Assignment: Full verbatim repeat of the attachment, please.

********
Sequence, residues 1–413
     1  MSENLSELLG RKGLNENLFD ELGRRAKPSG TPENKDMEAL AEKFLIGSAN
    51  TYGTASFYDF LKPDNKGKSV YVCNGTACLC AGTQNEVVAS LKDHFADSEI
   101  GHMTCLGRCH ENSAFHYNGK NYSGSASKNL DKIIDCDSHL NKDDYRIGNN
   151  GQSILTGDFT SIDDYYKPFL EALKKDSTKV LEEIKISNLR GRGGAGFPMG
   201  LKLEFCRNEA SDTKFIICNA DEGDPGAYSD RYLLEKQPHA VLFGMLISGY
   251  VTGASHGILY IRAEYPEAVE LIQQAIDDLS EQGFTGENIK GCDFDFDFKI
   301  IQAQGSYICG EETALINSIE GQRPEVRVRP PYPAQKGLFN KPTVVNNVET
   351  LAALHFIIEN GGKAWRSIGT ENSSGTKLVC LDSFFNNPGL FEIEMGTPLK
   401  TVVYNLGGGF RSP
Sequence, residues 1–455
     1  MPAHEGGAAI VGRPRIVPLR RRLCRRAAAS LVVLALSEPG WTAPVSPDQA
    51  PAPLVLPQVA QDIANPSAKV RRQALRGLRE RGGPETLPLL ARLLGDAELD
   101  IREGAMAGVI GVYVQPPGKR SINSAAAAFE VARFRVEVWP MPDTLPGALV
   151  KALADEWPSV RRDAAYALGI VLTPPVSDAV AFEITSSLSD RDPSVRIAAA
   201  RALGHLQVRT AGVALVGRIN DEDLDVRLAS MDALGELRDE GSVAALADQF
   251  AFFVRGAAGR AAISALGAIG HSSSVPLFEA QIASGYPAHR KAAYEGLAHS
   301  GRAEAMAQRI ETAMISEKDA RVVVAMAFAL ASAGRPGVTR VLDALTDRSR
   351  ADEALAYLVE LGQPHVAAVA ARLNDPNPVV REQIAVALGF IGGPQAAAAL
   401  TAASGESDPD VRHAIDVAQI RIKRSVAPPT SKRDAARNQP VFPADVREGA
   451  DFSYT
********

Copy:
Sequence, residues 1–413
     1  MSENLSELLG RKGLNENLFD ELGRRAKPSG TPENKDMEAL AEKFLIGSAN
    51  TYGTASFYDF LKPDNKGKSV YVCNGTACLC AGTQNEVVAS LKDHFADSEI
   101  GHMTCLGRCH ENSAFHYNGK NYSGSASKNL DKIIDCDSHL NKDDYRIGNN
   151  GQSILTGDFT SIDDYYKPFL EALKKDSTKV LEEIKISNLR GRGGAGFPMG
   201  LKLEFCRNEA SDTKFIICNA DEGDPGAYSD RYLLEKQPHA VLFGMLISGY
   251  VTGASHGILY IRAEYPEAVE LIQQAIDDLS EQGFTGENIK GCDFDFDFKI
   301  IQAQGSYICG EETALINSIE GQRPEVRVRP PYPAQKGLFN KPTVVNNVET
   351  LAALHFIIEN GGKAWRSIGT ENSSGTKLVC LDSFFNNPGL FEIEMGTPLK
   401  TVVYNLGGGF RSP
Sequence, residues 1–455
     1  MPAHEGGAAI VGRPRIVPLR RRLCRRAAAS LVVLALSEPG WTAPVSPDQA
    51  PAPLVLPQVA QDIANPSAKV RRQALRGLRE RGGPETLPLL ARLLGDAELD
   101  IREGAMAGVI GVYVQPPGKR SINSAAAAFE VARFRVEVWP MPDTLPGALV
   151  KALADEWPSV RRDAAYALGI VLTPPVSDAV AFEITSSLSD RDPSVRIAAA
   201  RALGHLQVRT AGVALVGRIN DEDLDVRLAS MDALGELRDE GSVAALADQF
   251  AFFVRGAAGR AAISALGAIG HSSSVPLFEA QIASGYPAHR KAAYEGLAHS
   301  GRAEAMAQRI ETAMISEKDA RVVVAMAFAL ASAGRPGVTR VLDALTDRSR
   351  ADEALAYLVE LGQPHVAAVA ARLNDPNPVV REQIAVALGF IGGPQAAAAL
   401  TAASGESDPD VRHAIDVAQI RIKRSVAPPT SKRDAARNQP VFPADVREGA
   451  DFSYT